L3Harris declares its post-merger divestiture push as nearly done

L3Harris Technologies sounds just about done with its post-merger divestitures, which should translate to greater focus on the integration and revenue synergy efforts.

L3Harris Technologies sounds just about done with the post-merger divestitures it has worked on in the two years since the business combination was created.

During L3Harris’ second quarter earnings call Tuesday, CEO Chris Kubasik told investors the company has agreed to sell two business units within its aviation segment for $185 million in cash and those deals should close before the year ends.

The buyer is private equity firm Arlington Capital Partners, which is acquiring the Electron Devices and Narda Microwave-West divisions. Arlington Capital will operate them as a new standalone defense electronics company named Stellant Systems, with its 800-employee team to be led by L3Harris Electron Devices’ management team.

As that sale and a few other divestitures in process move ahead, Kubasik declared to analysts the “portfolio shaping program announced in 2019 is largely complete” with 10 percent of post-merger revenue sold off. That ratio is the top end of the range L3Harris had targeted for divestitures.

The category of done divestitures include those of the military training and combat propulsion businesses to CAE, plus the security detection and automation product unit to Leidos.

While that big-picture item is done, the other two of integrating all the different pieces and pursuing revenue synergy opportunities remain at the top of L3Harris’ agenda.

Success for L3Harris on both fronts is also tied to how it sees itself in the broader government market’s landscape, especially considering how Kubasik has spoken of the company as a “Nontraditional Sixth Prime” in the past.

Kubasik characterized the market’s overall shape as this: traditional primes at one end and new entrants on the other that “are maybe a little more commercial (in) mindset, a little more agile, maybe a little more creative.”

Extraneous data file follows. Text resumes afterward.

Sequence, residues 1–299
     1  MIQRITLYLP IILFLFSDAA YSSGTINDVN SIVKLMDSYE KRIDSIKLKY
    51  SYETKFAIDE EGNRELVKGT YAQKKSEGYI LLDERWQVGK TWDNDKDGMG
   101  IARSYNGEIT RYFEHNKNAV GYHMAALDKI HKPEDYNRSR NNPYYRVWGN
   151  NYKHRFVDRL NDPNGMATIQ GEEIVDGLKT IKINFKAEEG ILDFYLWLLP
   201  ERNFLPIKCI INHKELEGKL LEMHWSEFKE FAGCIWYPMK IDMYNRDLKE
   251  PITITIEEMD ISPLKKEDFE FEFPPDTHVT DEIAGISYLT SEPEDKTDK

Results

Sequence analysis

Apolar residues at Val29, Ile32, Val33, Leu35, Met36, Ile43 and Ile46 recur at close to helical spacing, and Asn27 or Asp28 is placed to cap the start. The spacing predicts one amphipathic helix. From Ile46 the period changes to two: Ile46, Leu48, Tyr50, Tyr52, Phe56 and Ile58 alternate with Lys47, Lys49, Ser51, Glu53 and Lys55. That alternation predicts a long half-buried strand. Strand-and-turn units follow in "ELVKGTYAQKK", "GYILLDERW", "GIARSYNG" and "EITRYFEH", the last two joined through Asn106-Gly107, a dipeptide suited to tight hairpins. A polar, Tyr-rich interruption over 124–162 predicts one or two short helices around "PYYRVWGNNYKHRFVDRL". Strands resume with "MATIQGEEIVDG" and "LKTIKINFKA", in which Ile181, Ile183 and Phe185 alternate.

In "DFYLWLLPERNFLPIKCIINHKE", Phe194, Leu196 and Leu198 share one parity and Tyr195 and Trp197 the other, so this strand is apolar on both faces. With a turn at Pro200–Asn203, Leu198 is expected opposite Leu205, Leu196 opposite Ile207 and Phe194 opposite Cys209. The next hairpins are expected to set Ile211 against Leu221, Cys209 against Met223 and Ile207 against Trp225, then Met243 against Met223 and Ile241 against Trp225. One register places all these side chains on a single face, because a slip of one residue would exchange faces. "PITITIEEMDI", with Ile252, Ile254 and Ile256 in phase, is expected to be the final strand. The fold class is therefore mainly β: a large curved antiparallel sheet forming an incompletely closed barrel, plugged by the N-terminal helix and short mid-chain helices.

“What we're trying to do is put L3Harris right in the middle of those two, take the best of the both and position ourselves to listen to our customers and be a trusted disruptor,” he said.

Awards in L3Harris’ space business have driven a sizeable portion of the revenue synergy efforts as the company looks at opportunities in an estimated $20 billion pipeline for that market.

Space also has relatively the same overall shape with regards to its competitive landscape as Kubasik sees it.

“When I look at the exquisite satellites, we continue to have some of the best payloads out there, so we're working with partners, usually the larger prime and that's contributed to some success and we have some awards coming up in the next few months that are classified,” Kubasik said. “Then we're working collaboratively with some of these new entrants, just like we do with the traditional primes and find where we can partner, where we can compete, and it seems to be working.”

Melbourne, Florida-headquartered L3Harris nudged its revenue outlook for this year down slightly to between $18.1 billion and $18.5 billion, or down $400 million at both ends on the divestitures. The company still sees organic growth this year of 3-to-5 percent but raised its expected profit margin to 18.5 percent.

Regarding the transaction announced Tuesday: Harris Williams and Kirkland & Ellis respectively are acting as financial and legal advisers to Arlington Capital.

Houlihan Lokey and Holland & Knight are serving respectively as financial and legal advisers to L3Harris.